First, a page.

To begin this first article in our new series “Movies That Deserve a Second Thought,” I will go about explaining what it is all about. Here I will discuss films that I believe need more attention, whether it be for lack of notability or positive critic reviews. For each article, I will talk about the certain film’s merit, whatever legacy or reputation it has, and why I believe it has not gotten the proper amount of positive attention and praise. Remember, I’m not necessarily choosing films that were poorly received by critics, just movies that, after their initial release, sort of vanished into the ether for reasons I just can’t comprehend. Now that we have that taken care of, let’s get into the first addition to this series: David Fincher’s Zodiac.
David Fincher is not what you would call a “little-known director.” He is the mastermind who crafted such cinematic beauties as The Social Network, Gone Girl, The Curious Case of Benjamin Button, and Fight Club (my personal favorite movie of all time). He is also the man who bore the 1995 thriller Seven (otherwise known as “Se7en”) which Roger Ebert recalled to be “one of the darkest and most merciless films ever made in the Hollywood mainstream.”
Seven, which stars Morgan Freeman as a homicide detective on the brink of retirement and Brad Pitt on the other side of the spectrum only starting his first week on the job, is a film that has managed to burrow itself into our culture and for very good reason. It tells the haunting tale of two detectives who are put onto the murder case that keeps on giving. The first victim was found with his head in a bowl of spaghetti, his stomach ruptured; he was force-fed to death. One could call that gluttony, and that’s exactly what was written on the wall behind the refrigerator for Detective Somerset (Morgan Freeman) to find. Soon more murders are revealed, all with a disquieting similarity: each is an example of one of the seven deadly sins. Very soon the case begins to unravel into one of the most deranged and sinister plots you will ever experience, and one that has one of the most merciless finales ever depicted on celluloid.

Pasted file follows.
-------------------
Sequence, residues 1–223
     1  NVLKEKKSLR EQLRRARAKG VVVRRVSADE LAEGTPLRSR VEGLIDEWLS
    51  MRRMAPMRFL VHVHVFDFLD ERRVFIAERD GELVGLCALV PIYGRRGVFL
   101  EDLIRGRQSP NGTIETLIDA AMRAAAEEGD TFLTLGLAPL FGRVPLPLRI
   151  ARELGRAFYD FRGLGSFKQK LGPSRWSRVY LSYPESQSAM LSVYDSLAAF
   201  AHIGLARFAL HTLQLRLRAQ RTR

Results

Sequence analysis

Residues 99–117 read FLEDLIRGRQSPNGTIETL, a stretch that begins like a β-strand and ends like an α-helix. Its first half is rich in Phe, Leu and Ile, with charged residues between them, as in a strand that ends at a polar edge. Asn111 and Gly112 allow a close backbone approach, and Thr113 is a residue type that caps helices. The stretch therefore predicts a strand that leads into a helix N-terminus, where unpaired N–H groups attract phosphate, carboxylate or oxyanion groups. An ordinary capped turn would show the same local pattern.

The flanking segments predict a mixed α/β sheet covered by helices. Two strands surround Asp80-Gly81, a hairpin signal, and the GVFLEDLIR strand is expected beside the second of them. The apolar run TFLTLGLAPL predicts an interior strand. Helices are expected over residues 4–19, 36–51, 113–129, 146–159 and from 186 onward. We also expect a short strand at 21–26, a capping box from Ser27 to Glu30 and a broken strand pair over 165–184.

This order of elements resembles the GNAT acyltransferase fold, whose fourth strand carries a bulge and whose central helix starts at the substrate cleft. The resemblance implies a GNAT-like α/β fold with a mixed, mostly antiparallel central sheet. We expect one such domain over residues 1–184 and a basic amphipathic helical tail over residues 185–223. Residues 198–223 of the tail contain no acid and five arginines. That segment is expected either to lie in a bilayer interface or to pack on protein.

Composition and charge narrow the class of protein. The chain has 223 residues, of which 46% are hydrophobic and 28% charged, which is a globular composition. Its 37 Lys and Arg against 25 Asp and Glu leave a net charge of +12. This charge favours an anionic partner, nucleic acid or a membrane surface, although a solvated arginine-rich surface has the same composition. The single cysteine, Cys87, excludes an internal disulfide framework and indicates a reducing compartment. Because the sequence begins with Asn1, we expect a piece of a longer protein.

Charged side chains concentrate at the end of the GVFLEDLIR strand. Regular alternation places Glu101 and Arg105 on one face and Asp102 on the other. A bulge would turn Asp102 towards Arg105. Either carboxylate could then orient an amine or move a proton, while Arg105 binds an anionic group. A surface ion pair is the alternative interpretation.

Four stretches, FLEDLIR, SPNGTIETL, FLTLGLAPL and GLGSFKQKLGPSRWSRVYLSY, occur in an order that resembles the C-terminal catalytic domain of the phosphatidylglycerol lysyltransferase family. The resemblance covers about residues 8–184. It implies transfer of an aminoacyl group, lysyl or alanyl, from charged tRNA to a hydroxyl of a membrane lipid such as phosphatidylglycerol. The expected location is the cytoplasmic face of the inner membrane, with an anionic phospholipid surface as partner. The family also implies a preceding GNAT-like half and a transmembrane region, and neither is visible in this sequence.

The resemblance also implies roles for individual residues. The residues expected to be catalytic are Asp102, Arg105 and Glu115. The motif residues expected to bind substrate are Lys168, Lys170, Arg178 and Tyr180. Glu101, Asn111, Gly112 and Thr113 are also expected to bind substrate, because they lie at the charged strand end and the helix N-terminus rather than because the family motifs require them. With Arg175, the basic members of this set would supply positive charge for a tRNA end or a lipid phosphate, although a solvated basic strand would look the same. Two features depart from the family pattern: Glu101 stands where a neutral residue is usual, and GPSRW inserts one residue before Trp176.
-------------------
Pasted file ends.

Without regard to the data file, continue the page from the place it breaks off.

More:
It is quite clear when you watch Seven that Fincher is no ordinary filmmaker. This is filmmaking of the highest order, which is incredible given this is only Fincher’s second feature after the much-maligned Alien 3. Did you even know Fincher directed another murder mystery? Well, he did. Back in 2007, he directed the Jake Gyllenhaal, Robert Downey Jr. led thriller Zodiac, which chronicles the events and people involved in the infamous Zodiac Killer case which spanned close to four decades (in some cities in California, the case is still open). Zodiac is also the film that, I believe, cemented Fincher as a truly versatile and singular talent. Here he made a film for the likes of which he had not made before. This is not a film like Se7en to any extent. There are no presentations of grisly murders or gore besides a few brief sequences, but a long string of carefully crafted and placed scenes of dialogue and police-work. This subtlety could be the reason for a lot of people hearing the title “Seven” and thinking “What’s in the box!” and when they hear “Zodiac” they say, “I’m a scorpio.”